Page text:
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D-zAkord - 2007 - "De Futura"

(47:49 / Musea Records)

TRACK LIST:                   

1.  Pandora 3:01
2.  La Musique des Spheres 9:28
3.  De Futura-I 12:55
4.  Le Drone du Milieu 4:21
5.  De Futura-II 15:27
6.  De Profundis 2:32


Erik Baron - bass
Kitsana Baccam - guitar
Thierry Jardiner - drums
5 more bassists and 5 more guitar players

Prolusion. When I saw the name of this outfit, D-ZAKORD, I was instantly reminded of DesAccordes, a French collective whose rendering of Terry Riley's "In C" from two years ago, well, has left an indelible trace in the memory of one of the friends of mine who haven't heard natural Minimalist music before then. To cut a long story short, the recording under review, "De Futura", is the effort of the very same project, though I have no idea why its founder, Erik Baron, has slightly changed its moniker.

Analysis. For those who are well acquainted with Magma, you're only half right if you consider the title of this CD to be directly linked with the work of that band. Indeed, "De Futura" depicts D-zAkord being occupied with interpreting the eponymous sidelong composition from Magma's "Udu Wudu" album (with no singing involved) and therefore finds them to be in their element, but not all the time this time around, in contrast to their previous release. Four of the six instrumentals on this disc, Pandora, La Musique des Spheres, Le Drone du Milieu and De Profundis, come from Erik Baron's pen (if it's possible to say so in this particular situation: continue reading, and you will know why), all being no less than radically different from the remainder. I can suppose that the first three each feature a couple of electric guitars, but even so, I would insist that the instruments are used there, instead of being played, since the pieces consist exclusively of processed sounds or loops, if you will. I would label this stuff as HypNoise where the noises are hypnotic, but are just noises, not music. Perhaps I could agree that the 'singing' of a rusty water pipe can also be perceived as music, especially when endlessly turning its tap hither and yond without stopping to think "for what?" One may find here something for his trance when traveling through, meaning via the pipes of marijuana, but should be aware that there is the danger of going crazy with those flights, especially with headphones, because the hypnotism of these noises is based exclusively on their terrible monotony. Unlike the 'semi-frozen' multi-layered drones that can be found in some of Robin Taylor's solo creations (and which I perceive in a way as the Moebius loops embodied in the music) there is nothing of that kind here. No eye in the darkness. I even doubt those sonic sculptures can be used as soundtracks for a horror movie. In any event, music must be composed, but not built up or designed, regardless of whether one calls it La Musique des Spheres (The Music of the Spheres) or in any other way.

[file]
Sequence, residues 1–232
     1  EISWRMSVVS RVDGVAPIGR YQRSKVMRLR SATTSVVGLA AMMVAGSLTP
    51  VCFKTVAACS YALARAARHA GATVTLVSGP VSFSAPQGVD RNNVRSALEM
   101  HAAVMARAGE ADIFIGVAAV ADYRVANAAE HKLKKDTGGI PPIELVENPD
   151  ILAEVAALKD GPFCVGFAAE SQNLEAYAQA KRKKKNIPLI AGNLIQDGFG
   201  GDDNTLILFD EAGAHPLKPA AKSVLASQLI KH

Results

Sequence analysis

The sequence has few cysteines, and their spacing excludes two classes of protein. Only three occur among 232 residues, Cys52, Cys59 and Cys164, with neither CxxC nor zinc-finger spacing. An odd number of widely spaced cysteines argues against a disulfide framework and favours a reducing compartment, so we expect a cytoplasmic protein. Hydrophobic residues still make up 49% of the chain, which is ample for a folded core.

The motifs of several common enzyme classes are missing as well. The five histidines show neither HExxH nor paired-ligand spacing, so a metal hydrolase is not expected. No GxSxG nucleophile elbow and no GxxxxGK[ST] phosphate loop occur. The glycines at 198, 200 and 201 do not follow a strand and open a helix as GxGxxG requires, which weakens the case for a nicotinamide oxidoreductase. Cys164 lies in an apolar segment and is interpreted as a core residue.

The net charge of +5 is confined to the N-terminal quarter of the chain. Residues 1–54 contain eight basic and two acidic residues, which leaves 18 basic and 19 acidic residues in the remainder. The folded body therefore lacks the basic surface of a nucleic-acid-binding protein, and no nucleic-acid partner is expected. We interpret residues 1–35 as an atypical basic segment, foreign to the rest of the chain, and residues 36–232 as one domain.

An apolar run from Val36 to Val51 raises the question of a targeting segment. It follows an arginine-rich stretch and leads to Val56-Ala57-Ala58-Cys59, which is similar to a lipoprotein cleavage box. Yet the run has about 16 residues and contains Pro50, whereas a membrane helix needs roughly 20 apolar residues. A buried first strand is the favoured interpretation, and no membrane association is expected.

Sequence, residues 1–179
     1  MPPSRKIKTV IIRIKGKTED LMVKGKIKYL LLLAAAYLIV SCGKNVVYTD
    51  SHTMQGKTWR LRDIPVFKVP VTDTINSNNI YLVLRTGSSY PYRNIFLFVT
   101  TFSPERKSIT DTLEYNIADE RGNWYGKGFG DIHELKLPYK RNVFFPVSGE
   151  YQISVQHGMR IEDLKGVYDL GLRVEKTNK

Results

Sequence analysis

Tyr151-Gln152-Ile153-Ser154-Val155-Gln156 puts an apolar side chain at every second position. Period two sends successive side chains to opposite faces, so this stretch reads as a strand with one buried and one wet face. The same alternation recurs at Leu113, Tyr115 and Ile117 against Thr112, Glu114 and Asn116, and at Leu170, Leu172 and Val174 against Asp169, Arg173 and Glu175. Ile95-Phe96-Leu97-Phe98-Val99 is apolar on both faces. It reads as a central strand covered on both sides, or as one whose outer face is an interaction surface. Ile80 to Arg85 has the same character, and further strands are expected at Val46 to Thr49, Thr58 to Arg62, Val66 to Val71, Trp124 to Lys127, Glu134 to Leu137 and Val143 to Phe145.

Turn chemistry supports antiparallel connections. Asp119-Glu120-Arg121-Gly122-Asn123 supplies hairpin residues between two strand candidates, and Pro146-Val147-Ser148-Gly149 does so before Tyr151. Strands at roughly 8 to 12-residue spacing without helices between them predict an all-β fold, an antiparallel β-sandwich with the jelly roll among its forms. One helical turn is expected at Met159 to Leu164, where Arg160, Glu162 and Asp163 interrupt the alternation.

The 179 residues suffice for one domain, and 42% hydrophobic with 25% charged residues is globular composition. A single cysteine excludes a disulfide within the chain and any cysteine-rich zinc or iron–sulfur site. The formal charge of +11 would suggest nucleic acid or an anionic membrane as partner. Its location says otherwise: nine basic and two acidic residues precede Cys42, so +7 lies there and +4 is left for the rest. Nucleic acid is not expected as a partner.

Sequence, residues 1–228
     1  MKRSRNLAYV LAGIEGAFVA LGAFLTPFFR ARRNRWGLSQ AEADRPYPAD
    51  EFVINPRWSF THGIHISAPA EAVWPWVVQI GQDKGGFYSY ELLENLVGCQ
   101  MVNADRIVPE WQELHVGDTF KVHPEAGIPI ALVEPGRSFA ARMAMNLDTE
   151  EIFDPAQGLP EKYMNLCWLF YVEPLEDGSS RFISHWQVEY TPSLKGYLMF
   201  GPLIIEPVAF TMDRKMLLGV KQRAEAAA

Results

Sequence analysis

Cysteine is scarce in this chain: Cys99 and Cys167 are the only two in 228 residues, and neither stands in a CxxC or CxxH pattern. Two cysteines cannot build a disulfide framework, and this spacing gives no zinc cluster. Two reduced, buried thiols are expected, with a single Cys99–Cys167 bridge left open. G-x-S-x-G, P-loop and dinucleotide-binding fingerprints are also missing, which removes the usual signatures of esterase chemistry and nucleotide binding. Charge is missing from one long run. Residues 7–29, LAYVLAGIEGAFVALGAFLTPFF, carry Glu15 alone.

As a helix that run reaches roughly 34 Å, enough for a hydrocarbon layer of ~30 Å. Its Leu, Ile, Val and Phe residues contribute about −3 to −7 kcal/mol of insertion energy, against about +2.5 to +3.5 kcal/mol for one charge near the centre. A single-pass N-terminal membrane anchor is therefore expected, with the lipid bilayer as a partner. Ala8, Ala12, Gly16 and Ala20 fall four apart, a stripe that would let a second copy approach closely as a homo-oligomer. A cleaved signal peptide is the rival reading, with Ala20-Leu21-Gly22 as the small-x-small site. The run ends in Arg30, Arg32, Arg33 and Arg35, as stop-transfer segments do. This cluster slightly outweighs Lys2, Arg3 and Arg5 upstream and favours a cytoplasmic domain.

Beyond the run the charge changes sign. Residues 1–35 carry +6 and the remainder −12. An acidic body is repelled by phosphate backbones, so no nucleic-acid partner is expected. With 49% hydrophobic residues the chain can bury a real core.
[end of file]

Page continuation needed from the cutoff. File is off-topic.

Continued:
Conclusion. First I wanted to describe the recording in its entirety, having noted that two different kinds of music are delivered within the same bag, which leaves a mixed feeling, but soon discovered that I have no desire to give the CD any more listens, as I can receive De Futura at first hand, in Magma's very own reading, especially since it is on all levels stronger than D-zAkord's version. You should have gotten a stronger drummer, Erik, before having big ideas about Christian Vander's legacy.

VM: November 3, 2007

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